Digital effectiveness at number 1 position in top 10 business risks ranking globally.
Digital effectiveness has emerged as the number one risk for the mining and metals industry globally, according to the EY Top 10 business risks facing mining and metals, 2017-2018 report, as companies strive to manage the challenges of productivity and margins by introducing new technologies. With the sector increasingly investing in digital, cyber risk has risen from ninth to third position in the ranking as the convergence of information technology and operational technology has made companies more vulnerable to rogue activity.
While the majority of sector companies have started their digital journey, poor implementation of technology and a gap between progress and the scale of the opportunity leaves companies at risk of falling behind leading adopters. Meanwhile, despite the unprecedented rise in cyber attacks year-on-year, the report indicates that the sector is yet to catch-up in cybersecurity awareness.
Anjani Agarwal, Partner and National Leader – Metals and Mining, EY says, “The use of digital technologies such as IOT / OT, Robotics, Predictive Analytics, Mobility, and AI, cannot be ignored any longer by the Indian companies. As the report suggests that the number one risk this year is digital effectiveness and it holds true for India as well. There is indeed a disconnect between the potential from digital transformation and the successful implementation of new technologies in India.”
Paul Mitchell, EY Global Mining & Metals Advisory Leader, says, “The opportunity through digital is huge. But digital goes beyond just adopting new technologies: it is a critical enabler to address the sector’s most urgent operational challenge – improving productivity across the value chain. And as the sector increasingly moves toward digital transformation, the attack surface is also becoming larger and it is critical that mining and metals companies accelerate their cybersecurity program.”
New risks emerge as the sector switches to growth
Cash optimisation fell from first to sixth position in this year’s ranking, in the wake of relatively higher margins and improved cash generation in most mining and metals businesses. The need to drive competitive shareholder returns, however, calls for companies to manage the competing demands of short-term capital allocation with longer-term investment in growth, according to the report.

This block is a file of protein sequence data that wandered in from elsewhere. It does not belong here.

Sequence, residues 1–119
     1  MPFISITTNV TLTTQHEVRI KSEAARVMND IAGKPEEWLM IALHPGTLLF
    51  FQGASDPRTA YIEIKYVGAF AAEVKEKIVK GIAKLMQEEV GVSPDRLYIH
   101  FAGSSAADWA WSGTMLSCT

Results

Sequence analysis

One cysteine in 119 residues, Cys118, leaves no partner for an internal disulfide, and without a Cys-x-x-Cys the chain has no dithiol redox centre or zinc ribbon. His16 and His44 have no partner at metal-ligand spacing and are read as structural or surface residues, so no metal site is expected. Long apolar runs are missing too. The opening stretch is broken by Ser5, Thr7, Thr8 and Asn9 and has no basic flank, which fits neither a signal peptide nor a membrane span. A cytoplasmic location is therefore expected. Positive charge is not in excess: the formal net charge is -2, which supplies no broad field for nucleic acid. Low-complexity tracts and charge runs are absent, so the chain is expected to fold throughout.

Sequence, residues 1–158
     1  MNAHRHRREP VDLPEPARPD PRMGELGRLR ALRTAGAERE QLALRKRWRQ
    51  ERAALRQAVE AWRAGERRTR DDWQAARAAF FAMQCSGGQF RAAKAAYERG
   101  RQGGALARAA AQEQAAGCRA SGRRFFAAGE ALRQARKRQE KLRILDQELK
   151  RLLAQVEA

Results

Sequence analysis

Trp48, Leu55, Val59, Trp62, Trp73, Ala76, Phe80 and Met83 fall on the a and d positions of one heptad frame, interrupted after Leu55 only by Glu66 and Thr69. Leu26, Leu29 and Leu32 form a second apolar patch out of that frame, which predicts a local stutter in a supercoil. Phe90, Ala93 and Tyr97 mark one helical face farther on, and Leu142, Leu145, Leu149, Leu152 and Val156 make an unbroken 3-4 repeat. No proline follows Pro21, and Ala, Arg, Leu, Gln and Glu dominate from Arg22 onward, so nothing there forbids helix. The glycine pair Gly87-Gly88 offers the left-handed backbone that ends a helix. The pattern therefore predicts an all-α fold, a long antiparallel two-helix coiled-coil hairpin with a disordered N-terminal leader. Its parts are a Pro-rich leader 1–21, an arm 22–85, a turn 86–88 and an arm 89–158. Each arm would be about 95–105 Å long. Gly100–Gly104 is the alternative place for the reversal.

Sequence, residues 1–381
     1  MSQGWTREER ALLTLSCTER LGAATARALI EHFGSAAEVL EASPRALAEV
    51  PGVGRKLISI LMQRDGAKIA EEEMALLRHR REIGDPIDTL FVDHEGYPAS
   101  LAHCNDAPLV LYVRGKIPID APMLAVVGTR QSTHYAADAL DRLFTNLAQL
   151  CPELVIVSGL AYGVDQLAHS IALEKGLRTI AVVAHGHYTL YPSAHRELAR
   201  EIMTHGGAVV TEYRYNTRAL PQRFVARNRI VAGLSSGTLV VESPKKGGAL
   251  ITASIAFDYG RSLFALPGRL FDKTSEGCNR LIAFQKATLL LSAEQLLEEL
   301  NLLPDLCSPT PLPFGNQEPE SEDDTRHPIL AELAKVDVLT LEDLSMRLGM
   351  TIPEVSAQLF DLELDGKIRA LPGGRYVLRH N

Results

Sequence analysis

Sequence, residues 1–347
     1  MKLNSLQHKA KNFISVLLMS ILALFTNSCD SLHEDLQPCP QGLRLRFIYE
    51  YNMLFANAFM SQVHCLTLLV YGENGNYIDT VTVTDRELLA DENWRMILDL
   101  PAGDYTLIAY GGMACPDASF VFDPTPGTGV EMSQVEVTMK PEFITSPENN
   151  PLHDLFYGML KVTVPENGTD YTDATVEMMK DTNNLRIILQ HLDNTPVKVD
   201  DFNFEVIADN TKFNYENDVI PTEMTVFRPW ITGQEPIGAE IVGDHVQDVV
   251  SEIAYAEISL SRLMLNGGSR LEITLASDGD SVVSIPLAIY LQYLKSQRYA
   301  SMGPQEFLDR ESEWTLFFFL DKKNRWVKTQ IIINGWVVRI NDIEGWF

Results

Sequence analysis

While 2017 has seen companies reduce leverage and return cash to shareholders through dividends and share buyback programs, this is a short-term response to the underperformance of recent years, as return on capital employed has consistently fallen below the weighted average cost of capital. Now that balance sheets have been restored and excess cash returned, the sector will begin to look for investment opportunities that drive long-term return on capital.
Mitchell says, “While cash returns have helped regain shareholder confidence, this is not a long-term strategy. Mining and metals companies need to differentiate themselves through their capital decisions, and increasingly this will mean investing in growth as well as returning capital to the balance sheet and to shareholders.”
Regulatory risk surges while innovation and new technologies disrupt the sector
Regulatory risk is a new entrant to the top 10, as governments demand a greater return from their natural resources in light of improving commodity prices and profits, while transparency initiatives continue to gain momentum. The impact of judicial and regulatory developments on Indian mining has been quite intense.
Agrawal says, “Changing attitudes driven by sustainability agenda and new technology developments external to the mining sector are driving fundamental changes into the sector. Good understanding of these trends is critical for future growth shaped by the new world commodities.”